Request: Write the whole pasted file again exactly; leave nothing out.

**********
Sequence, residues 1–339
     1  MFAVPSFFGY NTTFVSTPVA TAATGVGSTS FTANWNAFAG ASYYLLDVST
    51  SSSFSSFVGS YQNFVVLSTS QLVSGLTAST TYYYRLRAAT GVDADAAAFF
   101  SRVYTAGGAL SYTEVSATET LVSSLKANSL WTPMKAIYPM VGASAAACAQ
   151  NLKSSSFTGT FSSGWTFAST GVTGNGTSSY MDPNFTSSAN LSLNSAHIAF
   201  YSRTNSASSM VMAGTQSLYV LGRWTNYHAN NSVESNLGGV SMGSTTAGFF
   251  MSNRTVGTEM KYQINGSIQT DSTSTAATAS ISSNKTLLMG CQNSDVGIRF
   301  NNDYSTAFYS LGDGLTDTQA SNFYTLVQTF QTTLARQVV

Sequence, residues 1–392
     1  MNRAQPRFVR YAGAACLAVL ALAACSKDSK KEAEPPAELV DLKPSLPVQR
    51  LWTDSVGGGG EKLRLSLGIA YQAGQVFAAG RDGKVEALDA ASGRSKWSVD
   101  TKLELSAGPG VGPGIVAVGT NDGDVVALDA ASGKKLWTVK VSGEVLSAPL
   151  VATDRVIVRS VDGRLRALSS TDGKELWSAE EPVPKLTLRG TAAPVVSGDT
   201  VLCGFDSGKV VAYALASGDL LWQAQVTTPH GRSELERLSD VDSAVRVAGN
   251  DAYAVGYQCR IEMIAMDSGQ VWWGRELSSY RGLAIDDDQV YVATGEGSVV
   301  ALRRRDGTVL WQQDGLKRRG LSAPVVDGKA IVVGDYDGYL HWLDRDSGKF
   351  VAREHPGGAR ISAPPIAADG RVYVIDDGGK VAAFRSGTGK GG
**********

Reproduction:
Sequence, residues 1–339
     1  MFAVPSFFGY NTTFVSTPVA TAATGVGSTS FTANWNAFAG ASYYLLDVST
    51  SSSFSSFVGS YQNFVVLSTS QLVSGLTAST TYYYRLRAAT GVDADAAAFF
   101  SRVYTAGGAL SYTEVSATET LVSSLKANSL WTPMKAIYPM VGASAAACAQ
   151  NLKSSSFTGT FSSGWTFAST GVTGNGTSSY MDPNFTSSAN LSLNSAHIAF
   201  YSRTNSASSM VMAGTQSLYV LGRWTNYHAN NSVESNLGGV SMGSTTAGFF
   251  MSNRTVGTEM KYQINGSIQT DSTSTAATAS ISSNKTLLMG CQNSDVGIRF
   301  NNDYSTAFYS LGDGLTDTQA SNFYTLVQTF QTTLARQVV

Sequence, residues 1–392
     1  MNRAQPRFVR YAGAACLAVL ALAACSKDSK KEAEPPAELV DLKPSLPVQR
    51  LWTDSVGGGG EKLRLSLGIA YQAGQVFAAG RDGKVEALDA ASGRSKWSVD
   101  TKLELSAGPG VGPGIVAVGT NDGDVVALDA ASGKKLWTVK VSGEVLSAPL
   151  VATDRVIVRS VDGRLRALSS TDGKELWSAE EPVPKLTLRG TAAPVVSGDT
   201  VLCGFDSGKV VAYALASGDL LWQAQVTTPH GRSELERLSD VDSAVRVAGN
   251  DAYAVGYQCR IEMIAMDSGQ VWWGRELSSY RGLAIDDDQV YVATGEGSVV
   301  ALRRRDGTVL WQQDGLKRRG LSAPVVDGKA IVVGDYDGYL HWLDRDSGKF
   351  VAREHPGGAR ISAPPIAADG RVYVIDDGGK VAAFRSGTGK GG